• 73% of Asians in Washington speak a language other than English at home, and of those, more than 44% speak English less than “very well.”
  • About 60,707 Asians in Washington (10%) live in poverty and about 7,951 NHPIs in Washington (17%) live in poverty, signifying the need for public assistance.
  • Contrary to mainstream narratives, there is a high level of socioeconomic, ethnic and linguistic/cultural diversity among A&PI groups. For example, the median income for Indian households is $115,105, whereas the median income for Hmong households is $53,717.
To that end, APIC supports the following policy recommendations:
  • Expand LEP Pathways: LEP funding promotes economic self-sufficiency for refugees and immigrants through job training programs, ESL classes, and work support which provides a solid base for job opportunities and naturalization. LEP also gives access to seniors seeking health and social services. LEP Pathways funding was cut after the 2008 recession and has not since been restored to the original amount.
  • Increase funding for Naturalization Services: Washington State’s naturalization program helps refugees and immigrants become citizens, through assistance with the citizenship application, English and civics classes, and interview preparation. Elderly and disabled refugees and immigrants are the primary recipients of the naturalization program.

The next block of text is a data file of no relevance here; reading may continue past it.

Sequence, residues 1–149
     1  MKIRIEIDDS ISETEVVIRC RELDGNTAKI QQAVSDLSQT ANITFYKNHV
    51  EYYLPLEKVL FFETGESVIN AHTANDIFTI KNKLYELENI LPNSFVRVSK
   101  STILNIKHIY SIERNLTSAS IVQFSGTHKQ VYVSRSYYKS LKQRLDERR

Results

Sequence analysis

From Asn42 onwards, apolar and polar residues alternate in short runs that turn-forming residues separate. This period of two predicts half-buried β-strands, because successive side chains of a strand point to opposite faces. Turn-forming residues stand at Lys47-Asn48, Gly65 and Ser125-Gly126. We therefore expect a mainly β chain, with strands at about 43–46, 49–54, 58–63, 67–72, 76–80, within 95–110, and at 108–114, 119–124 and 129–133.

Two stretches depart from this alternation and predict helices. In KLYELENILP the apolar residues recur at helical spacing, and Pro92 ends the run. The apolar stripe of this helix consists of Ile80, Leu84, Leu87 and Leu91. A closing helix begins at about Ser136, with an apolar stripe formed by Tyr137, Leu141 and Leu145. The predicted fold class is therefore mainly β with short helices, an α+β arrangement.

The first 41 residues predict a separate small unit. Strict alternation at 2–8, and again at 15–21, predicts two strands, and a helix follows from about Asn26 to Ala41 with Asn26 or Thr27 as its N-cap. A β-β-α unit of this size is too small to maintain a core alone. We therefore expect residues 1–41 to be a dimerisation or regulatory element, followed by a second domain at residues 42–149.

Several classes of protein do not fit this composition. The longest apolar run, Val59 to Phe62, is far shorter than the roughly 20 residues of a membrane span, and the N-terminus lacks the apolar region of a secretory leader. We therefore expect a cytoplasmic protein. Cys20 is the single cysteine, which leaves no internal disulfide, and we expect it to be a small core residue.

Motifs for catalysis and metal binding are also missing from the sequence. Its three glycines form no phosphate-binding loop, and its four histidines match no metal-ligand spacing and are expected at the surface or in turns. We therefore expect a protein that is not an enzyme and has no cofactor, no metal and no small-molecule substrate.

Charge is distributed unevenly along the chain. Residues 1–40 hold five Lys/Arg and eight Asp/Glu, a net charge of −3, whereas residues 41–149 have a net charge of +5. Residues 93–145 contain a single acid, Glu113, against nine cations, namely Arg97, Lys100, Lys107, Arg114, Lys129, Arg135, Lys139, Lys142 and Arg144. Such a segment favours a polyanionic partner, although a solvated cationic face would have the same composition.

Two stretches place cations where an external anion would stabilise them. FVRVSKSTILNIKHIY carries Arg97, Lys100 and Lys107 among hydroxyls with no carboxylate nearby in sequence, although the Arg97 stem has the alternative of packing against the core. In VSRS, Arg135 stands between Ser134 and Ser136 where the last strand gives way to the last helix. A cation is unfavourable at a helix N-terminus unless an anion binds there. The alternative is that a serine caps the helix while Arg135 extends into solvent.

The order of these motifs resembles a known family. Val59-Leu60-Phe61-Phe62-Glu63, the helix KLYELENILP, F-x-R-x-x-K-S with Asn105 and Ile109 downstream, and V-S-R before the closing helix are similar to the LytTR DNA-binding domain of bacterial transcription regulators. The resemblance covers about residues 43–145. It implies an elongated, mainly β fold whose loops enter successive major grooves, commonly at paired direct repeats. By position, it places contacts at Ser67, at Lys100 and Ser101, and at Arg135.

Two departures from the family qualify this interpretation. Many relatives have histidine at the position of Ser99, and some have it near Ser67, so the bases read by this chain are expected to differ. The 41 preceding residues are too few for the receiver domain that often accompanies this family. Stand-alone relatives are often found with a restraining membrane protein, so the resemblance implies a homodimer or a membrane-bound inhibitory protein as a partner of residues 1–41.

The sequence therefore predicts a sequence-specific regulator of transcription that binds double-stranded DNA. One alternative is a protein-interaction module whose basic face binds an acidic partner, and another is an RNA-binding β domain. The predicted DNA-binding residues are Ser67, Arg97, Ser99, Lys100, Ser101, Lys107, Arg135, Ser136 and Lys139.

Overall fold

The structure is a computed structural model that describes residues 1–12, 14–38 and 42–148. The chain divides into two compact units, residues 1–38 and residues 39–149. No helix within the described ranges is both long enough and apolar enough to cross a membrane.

• Allocate funding to the Legal Defense Fund: Under the law, immigrants are not guaranteed access to a lawyer and often find themselves in immigration court without legal representation. This fund is necessary to provide immigrants with the proper resources and tools they need to stay in their community, regardless of whether they can afford an attorney.
  • Expand eligibility for unemployment benefits: When faced with looming economic crises, undocumented workers are just as deserving of access to unemployment insurance. Expanding unemployment benefits to all is necessary in supporting and uplifting immigrants.
  • Protect undocumented immigrants: With the passage of Keep Washington Working and Courts Open to All, our state government should continued to prioritize the safety of undocumented Washingtonians and minimize the power and actions of federal immigration enforcement agencies. This includes continuing to end any inappropriate collaboration between government agencies and immigration enforcement agencies, increasing the power and frequency of gubernatorial pardons, and ending for-profit detention centers.